The dramatic story of hundreds of senior citizens left in the path of a ferocious firestorm and what the quest for accountability reveals about the increasing risks to our most vulnerable population.
“…a powerful work of investigative journalism about a particularly vulnerable segment of the population…. Alongside an engrossing account of the emergency as it unfolded in Sonoma County, Belden and Gullixson provide a definitive account of management’s woefully inadequate response at the two sister facilities. Their findings are a lesson to other care facilities —here’s what not to do.” —San Francisco Chronicle
Just after midnight on October 9, 2017, as one of the nation’s deadliest and most destructive firestorms swept over California’s Wine Country, hundreds of elderly residents from two posh senior living facilities were caught in its path. The frailest were blind, in wheelchairs, or diagnosed with dementia, and their community quickly transformed from a palatial complex that pledged to care for them to one that threatened to entomb them. The rescue of the final 105 seniors left behind on an inflamed hillside depended not on employees, but strangers whose lives intersected in a riveting tale of terror and heroism. Headlines blamed caregivers for abandonment and neglect, but the truth proved far more complex—leading to a battle for accountability that stretched from the courtroom to the state legislature, and ultimately, to the ballot box.
Inflamed: Abandonment, Heroism, and Outrage in Wine Country’s Deadliest Firestorm is the gripping and emotional narrative detailing what happened to these seniors, employees, and rescuers before, during, and after the Tubbs Fire decimated portions of Santa Rosa, including Oakmont Senior Living Villa Capri and part of Varenna at Fountaingrove. Anne Belden and Paul Gullixson are professional journalists and Sonoma County residents who spent three years recording each phase of the disaster in agonizing detail—from the botched evacuation and its excruciating aftermath to the investigations, lawsuits, and breakdowns that followed. They tell this harrowing story with a veracity and compassion only achieved by experienced reporters with local roots. Their narrative revisits the horrors of 2017 but also asks the reader to look to the future and consider how their community’s most vulnerable will fare as ten thousand Baby Boomers retire each day, the for-profit assisted living industry rapidly expands, and the climate becomes more volatile. If this travesty can happen at high-end senior living complexes, it can happen anywhere.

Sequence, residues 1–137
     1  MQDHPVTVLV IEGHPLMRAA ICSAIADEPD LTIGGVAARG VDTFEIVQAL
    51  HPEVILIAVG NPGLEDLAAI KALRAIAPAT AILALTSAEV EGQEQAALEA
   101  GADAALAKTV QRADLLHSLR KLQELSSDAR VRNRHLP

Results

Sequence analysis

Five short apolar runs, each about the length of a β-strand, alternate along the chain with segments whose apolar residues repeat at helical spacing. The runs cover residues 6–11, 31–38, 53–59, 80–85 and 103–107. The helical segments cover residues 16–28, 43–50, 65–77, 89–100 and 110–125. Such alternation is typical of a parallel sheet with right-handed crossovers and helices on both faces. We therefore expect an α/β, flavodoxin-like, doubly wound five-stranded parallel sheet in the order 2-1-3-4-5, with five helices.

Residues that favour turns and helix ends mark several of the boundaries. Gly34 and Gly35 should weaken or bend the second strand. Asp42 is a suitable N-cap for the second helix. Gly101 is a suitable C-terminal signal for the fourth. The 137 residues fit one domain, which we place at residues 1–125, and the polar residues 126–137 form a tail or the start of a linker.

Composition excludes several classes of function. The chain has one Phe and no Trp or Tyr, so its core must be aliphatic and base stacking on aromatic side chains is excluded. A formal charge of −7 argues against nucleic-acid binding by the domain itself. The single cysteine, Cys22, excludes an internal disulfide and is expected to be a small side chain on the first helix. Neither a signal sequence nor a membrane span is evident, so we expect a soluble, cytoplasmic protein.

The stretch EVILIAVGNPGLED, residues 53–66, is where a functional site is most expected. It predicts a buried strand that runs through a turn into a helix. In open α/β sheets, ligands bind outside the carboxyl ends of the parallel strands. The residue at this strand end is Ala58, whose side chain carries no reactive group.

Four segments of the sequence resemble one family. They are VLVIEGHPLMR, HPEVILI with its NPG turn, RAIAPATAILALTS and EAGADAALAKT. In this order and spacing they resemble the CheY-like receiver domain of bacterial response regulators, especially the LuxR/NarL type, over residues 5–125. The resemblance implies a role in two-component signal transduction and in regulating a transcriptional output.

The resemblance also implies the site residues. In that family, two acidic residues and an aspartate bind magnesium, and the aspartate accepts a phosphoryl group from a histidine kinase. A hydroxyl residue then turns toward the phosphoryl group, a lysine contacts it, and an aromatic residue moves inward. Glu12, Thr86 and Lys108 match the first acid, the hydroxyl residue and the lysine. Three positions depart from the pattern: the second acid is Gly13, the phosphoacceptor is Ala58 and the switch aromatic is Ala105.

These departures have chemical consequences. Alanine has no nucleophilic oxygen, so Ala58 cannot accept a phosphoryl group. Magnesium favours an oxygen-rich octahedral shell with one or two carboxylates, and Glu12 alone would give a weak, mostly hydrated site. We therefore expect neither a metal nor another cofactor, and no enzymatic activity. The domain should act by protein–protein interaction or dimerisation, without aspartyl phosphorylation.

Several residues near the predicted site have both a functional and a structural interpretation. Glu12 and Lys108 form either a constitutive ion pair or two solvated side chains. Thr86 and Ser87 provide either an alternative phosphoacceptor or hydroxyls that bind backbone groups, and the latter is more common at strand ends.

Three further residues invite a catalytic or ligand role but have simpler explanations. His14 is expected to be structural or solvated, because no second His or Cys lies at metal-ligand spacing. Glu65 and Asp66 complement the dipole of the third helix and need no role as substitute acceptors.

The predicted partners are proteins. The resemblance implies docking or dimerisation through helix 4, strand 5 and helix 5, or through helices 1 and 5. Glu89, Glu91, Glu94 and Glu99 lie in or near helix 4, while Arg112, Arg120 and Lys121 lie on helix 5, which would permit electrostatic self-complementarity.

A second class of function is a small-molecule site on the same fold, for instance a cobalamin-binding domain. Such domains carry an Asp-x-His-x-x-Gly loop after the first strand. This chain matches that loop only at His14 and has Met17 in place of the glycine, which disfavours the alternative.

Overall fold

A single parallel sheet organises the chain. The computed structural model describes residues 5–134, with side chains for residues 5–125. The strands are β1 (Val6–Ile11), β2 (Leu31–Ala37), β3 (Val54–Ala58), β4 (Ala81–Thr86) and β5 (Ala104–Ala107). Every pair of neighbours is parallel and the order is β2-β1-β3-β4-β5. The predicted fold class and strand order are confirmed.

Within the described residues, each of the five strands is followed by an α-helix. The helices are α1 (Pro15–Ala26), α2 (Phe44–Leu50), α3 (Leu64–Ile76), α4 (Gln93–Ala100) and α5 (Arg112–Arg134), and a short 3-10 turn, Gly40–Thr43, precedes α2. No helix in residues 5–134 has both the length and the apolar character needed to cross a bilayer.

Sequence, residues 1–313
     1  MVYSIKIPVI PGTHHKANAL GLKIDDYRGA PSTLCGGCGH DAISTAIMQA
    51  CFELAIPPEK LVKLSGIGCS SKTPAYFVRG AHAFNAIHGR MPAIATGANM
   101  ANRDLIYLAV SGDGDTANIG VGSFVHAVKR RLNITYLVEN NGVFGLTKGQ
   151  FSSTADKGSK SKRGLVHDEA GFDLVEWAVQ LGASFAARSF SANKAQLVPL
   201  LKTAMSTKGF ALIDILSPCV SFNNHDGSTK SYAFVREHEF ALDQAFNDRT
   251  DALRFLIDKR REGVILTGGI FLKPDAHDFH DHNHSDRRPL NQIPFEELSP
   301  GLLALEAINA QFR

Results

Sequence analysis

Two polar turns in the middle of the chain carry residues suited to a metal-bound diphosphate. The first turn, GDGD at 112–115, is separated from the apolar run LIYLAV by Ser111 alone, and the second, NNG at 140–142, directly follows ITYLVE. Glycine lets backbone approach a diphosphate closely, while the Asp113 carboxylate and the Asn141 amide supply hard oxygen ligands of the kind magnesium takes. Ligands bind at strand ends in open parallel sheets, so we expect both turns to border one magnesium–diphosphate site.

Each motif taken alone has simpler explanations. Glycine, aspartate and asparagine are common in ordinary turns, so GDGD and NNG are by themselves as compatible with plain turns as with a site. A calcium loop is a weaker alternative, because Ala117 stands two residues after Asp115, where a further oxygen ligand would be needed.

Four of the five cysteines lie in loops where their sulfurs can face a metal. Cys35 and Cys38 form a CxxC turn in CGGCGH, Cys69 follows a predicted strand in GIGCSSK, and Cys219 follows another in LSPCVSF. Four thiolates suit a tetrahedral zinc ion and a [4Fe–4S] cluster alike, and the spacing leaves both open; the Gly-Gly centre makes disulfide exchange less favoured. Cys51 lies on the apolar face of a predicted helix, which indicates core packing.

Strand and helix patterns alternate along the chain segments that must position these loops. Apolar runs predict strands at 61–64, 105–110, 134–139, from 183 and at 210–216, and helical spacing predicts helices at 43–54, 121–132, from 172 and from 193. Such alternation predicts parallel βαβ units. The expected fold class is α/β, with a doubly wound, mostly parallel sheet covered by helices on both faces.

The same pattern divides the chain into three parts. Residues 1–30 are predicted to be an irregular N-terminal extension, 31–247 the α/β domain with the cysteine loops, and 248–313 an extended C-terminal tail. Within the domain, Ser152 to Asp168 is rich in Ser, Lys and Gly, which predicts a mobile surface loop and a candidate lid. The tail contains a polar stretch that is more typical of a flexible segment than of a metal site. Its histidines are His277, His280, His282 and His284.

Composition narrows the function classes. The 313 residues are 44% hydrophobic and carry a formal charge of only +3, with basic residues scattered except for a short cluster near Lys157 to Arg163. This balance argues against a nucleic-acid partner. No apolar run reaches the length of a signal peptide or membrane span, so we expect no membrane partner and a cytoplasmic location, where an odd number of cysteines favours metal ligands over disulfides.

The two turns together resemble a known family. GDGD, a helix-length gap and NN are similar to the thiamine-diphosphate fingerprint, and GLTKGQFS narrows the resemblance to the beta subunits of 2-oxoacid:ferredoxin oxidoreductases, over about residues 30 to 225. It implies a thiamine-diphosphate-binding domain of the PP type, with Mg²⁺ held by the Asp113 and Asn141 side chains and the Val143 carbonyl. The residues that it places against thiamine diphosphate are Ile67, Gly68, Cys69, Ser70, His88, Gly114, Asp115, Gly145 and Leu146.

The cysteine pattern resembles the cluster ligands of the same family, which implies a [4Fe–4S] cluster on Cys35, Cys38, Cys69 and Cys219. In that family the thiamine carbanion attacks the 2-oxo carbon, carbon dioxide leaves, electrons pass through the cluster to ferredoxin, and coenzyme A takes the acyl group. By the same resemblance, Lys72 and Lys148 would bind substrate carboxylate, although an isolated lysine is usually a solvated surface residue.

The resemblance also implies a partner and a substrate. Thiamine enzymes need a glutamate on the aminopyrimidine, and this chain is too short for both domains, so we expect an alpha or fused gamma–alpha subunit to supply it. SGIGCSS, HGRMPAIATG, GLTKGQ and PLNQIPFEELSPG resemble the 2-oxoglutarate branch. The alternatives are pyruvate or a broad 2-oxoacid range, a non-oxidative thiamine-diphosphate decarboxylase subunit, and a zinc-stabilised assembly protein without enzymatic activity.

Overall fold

About the Author
Anne Belden runs the journalism program and advises the newsroom at Santa Rosa Junior College. During the 2017 Wine Country fires, she drove students into devastated fire zones to report on the disaster. Their work won numerous state and national awards and saw global syndication; Anne now instructs on how to cover wildfires. Before teaching, she spent eighteen years as a journalist, working as a reporter and editor on the San Francisco Peninsula where her news, feature, and investigative articles were recognized by the California Newspaper Publishers Association, San Francisco Peninsula Press Club, and Parenting Publications of America. Anne holds a bachelor’s degree in mass communication from UCLA and a master’s degree in media studies from Stanford University. She lives with her family on a Sebastopol ridgeline, from where she’s had clear view of six past fires and has only had to evacuate once.
Paul Gullixson is communications manager for Sonoma County. He previously worked for thirty-seven years as a journalist, including as editorial director for The Press Democrat in Santa Rosa, where he played key roles in several team awards, including the 2018 Pulitzer Prize awarded to The Press Democrat for coverage of the October 2017 fires. He has also received numerous individual awards from the California Newspaper Publishers Association and the San Francisco Peninsula Press Club and is a past recipient of the New York Times Co. Chairman’s Award for editorial writing. Paul taught journalism for five years at Sonoma State University, serving as faculty adviser for the student newspaper, and later worked as associate vice president of strategic communications for the university. He lives with his family in east Santa Rosa where they have been repeatedly evacuated due to wildfires…but is thankful that their home has been spared so far.
“…a powerful work of investigative journalism about a particularly vulnerable segment of the population…. Alongside an engrossing account of the emergency as it unfolded in Sonoma County, Belden and Gullixson provide a definitive account of management’s woefully inadequate response at the two sister facilities. Their findings are a lesson to other care facilities —here’s what not to do.” — San Francisco Chronicle